Management and protection of places of burial
6.9 The question of maintenance, both of cemeteries as a whole and of individual gravesites, has been a concern for many decades and loomed large in our Local Authority Survey. Cemeteries involve a mixture of public and private interests, including those of local government, ratepayers, religious and voluntary groups, and private individuals. The rights and duties applying to each party are not always clear.
6.10Before discussing the issues raised with respect to maintenance and long-term protection of individual gravesites and memorials, we outline in more detail the key provisions that currently determine the rights and responsibilities of the various stakeholders.
The Legal Situation
6.11Section 9(d) of the Burial and Cremation Act 1964 (the Act) specifies that any person who has paid the prescribed fee and lawfully erected a monument or tablet in the cemetery, shall be entitled:
… to maintain such grave, vault, monument, or tablet according to the terms of such permission to and for the sole and separate use of such person and his representatives and successors in perpetuity, or for the time limited in such permission.
6.12Section 9(f) allows local authorities themselves to enter into agreements to maintain graves, either in perpetuity or for a specified period.
6.13Reflecting Parliament’s concerns in 1964 about the risk unstable monuments and tablets posed to workers and the public, section 9(h) requires local authorities to make the monument or tablet safe or take down or remove any structure that has become unstable.
6.14Section 20 also provides local authorities with wide discretionary powers to clear, clean, tidy and repair any “closed or otherwise disused or derelict cemetery or other place of burial”. The manner in which local authorities are to exercise these powers is set out in the Burial and Cremation (Removal of Monuments and Tablets) Regulations 1967. The regulations require the authority to notify the person entitled to maintain monument or tablet providing them with an opportunity to undertake the remedial work themselves. If the person entitled to maintain the grave cannot be identified or found, or fails to undertake the work, the local authority must advertise their intention to carry out the task in a newspaper circulating in the area in which the cemetery is located.
6.15In addition, any work relating to gravesites which pre-date 1900 is subject to the provisions of the Historic Places Act 1993. Under this Act, any place in New Zealand that was associated with human activity that occurred before 1900 is categorised as an “archaeological site”. It is unlawful for anyone who has not been granted a specific authority under the Act to:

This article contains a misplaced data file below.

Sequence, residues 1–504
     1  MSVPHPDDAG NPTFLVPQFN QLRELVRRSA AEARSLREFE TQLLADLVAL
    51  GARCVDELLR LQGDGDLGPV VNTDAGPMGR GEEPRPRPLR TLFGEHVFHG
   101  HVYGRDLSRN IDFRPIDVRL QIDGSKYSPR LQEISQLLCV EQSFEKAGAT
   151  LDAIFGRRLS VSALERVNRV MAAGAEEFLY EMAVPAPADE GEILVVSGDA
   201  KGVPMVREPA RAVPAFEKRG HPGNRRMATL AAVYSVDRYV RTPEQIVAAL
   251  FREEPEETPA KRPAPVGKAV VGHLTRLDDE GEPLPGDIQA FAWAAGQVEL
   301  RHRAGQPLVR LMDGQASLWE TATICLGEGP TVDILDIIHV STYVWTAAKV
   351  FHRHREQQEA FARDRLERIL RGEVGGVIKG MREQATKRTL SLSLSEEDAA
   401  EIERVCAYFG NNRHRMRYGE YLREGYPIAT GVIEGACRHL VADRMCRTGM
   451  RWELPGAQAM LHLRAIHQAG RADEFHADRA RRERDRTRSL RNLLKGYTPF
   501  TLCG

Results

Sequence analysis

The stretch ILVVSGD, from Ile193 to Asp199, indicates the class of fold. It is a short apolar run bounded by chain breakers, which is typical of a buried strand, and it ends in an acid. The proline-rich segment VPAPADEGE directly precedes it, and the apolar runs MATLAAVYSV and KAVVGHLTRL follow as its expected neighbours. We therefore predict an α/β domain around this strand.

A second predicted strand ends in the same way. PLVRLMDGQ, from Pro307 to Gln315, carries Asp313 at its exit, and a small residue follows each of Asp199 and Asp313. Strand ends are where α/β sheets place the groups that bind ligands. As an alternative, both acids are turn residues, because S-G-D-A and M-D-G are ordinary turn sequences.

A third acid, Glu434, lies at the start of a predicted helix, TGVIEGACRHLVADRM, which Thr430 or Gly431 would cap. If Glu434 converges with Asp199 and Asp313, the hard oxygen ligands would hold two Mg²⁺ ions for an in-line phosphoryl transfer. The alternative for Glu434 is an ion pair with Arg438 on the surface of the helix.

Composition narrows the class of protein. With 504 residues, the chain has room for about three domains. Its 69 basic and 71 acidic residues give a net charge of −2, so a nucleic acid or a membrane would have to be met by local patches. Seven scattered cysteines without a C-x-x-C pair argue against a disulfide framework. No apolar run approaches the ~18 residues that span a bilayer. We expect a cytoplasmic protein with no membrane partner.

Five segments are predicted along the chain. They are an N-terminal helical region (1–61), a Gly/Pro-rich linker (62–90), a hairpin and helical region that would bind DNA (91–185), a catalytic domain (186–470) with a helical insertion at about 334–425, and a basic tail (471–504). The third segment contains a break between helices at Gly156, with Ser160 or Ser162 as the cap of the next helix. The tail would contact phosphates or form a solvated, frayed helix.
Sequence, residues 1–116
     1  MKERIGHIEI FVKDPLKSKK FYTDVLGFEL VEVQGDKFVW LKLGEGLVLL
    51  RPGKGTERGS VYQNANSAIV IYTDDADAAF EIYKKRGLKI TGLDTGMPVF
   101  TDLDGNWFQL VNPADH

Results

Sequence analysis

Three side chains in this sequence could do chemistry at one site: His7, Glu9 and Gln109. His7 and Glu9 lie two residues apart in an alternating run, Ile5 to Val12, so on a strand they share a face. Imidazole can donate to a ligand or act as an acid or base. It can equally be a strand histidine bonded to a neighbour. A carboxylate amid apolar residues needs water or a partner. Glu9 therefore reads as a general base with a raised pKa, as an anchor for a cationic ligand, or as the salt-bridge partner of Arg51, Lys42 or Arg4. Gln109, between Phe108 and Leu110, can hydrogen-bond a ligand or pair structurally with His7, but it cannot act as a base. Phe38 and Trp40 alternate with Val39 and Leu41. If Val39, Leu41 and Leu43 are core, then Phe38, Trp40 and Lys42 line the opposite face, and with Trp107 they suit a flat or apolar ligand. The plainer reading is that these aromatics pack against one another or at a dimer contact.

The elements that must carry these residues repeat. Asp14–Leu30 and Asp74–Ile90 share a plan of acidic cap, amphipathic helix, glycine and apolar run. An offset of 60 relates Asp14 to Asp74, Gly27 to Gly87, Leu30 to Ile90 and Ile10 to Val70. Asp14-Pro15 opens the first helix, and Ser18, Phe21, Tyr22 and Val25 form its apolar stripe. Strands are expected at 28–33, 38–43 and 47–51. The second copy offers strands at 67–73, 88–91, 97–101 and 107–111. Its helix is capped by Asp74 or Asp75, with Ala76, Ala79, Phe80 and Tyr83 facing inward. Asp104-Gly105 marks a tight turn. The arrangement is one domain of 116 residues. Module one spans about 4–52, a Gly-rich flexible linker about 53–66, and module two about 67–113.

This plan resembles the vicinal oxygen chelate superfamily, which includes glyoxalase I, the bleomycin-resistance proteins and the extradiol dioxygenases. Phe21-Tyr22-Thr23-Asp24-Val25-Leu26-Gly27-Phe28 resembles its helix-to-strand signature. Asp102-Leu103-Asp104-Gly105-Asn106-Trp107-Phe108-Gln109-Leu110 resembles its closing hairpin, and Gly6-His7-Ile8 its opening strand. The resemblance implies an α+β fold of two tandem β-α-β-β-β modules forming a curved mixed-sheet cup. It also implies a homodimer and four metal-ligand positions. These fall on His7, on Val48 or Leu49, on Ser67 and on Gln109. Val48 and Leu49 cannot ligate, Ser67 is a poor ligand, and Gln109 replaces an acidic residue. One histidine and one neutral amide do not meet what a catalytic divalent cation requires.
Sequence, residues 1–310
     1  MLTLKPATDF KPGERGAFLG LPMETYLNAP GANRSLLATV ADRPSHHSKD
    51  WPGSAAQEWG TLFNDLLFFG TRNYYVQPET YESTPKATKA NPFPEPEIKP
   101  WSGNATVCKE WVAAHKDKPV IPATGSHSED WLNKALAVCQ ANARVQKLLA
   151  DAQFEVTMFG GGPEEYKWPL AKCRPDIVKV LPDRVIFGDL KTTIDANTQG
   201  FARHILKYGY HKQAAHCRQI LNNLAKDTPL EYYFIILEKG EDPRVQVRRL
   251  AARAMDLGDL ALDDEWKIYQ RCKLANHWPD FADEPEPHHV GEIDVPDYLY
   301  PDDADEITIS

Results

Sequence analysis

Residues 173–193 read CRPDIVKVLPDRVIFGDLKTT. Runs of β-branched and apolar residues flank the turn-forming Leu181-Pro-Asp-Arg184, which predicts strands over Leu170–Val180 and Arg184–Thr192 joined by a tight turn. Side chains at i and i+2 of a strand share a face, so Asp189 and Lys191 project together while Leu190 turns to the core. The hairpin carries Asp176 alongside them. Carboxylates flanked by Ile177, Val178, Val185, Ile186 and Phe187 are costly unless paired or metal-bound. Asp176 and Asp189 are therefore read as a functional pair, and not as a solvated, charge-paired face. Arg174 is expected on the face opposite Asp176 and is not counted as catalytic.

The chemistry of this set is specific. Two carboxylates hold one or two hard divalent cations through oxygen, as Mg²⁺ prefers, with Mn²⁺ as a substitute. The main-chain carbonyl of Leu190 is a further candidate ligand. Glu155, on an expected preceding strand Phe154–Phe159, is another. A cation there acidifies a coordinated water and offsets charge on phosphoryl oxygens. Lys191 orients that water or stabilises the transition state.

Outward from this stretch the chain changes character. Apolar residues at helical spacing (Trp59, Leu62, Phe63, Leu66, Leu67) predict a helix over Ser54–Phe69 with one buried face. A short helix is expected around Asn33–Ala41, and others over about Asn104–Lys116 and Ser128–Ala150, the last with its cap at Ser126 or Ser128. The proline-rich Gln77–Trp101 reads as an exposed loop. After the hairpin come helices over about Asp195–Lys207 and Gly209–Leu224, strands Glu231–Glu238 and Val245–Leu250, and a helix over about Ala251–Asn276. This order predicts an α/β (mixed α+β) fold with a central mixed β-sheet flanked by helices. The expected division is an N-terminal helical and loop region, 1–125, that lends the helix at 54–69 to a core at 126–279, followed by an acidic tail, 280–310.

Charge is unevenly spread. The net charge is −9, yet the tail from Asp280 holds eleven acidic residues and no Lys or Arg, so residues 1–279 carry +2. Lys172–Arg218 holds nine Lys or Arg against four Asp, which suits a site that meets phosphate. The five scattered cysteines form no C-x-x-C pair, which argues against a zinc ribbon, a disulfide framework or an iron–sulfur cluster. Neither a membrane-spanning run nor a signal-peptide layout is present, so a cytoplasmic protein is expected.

… destroy, damage, or modify, or cause to be destroyed, damaged, or modified, the whole or any part of any archaeological site, knowing or having reasonable cause to suspect that it is an archaeological site.
6.16Furthermore, section 45(2A) of the Act requires anyone proposing to clear monuments or tablets from a closed cemetery or burial ground to notify the New Zealand Historic Places Trust of their intention to do so.
6.17 It is evident from our preliminary consultation and responses to our Local Authority Survey that not all stakeholders feel the existing legal framework is providing an effective mechanism for resolving the sometimes conflicting interests inherent in decisions about the maintenance of cemeteries and graves, and the preservation of historic sites.
6.18The most significant problem relates to the management and maintenance of cemeteries and burial grounds that have reached full capacity and have been closed for further burials or are only open for ash interments. These cemeteries and burial grounds contain some of the most historically significant gravesites in New Zealand.
6.19Once a cemetery or burial ground has reached its full capacity it ceases to generate income. Without access to alternative funding and resources, or an explicit legal obligation, disused cemeteries and burial grounds tend to deteriorate. Yet in almost all cases the landowners, be they a public or religious entity, have contracted to provide a “right to perpetual interment”. They may not disturb the remains or dispose of the land except in certain prescribed circumstances. In a preliminary submission the Historic Cemeteries Conservation Trust of New Zealand expressed concern at what it described as the “very variable” management of historic cemeteries, claiming most local authorities were “just doing the bare essentials, and no conservation work at all.”
6.20On the one hand, this might suggest the need for more effective ways to protect our heritage burial sites, but equally it might suggest that as a society we are ambivalent about the value we place on the active preservation of land used for burial, particularly when it has direct fiscal implications for ratepayers.
6.21Depending on which of these perspectives best reflects the public’s attitude, the law may be required to ensure burial sites are actively maintained and their heritage and amenity values protected, or it might impose a much less onerous obligation to leave the land undisturbed and refrain from interfering with the monuments and graves.
6.22Eco-burials also challenge established ideas about the maintenance of cemetery land. In an eco-burial, individual gravesites are not maintained, and when the cemetery reaches capacity it becomes conservation land. The long-term protection of the land will arise as much from its conservation status as its cemetery status.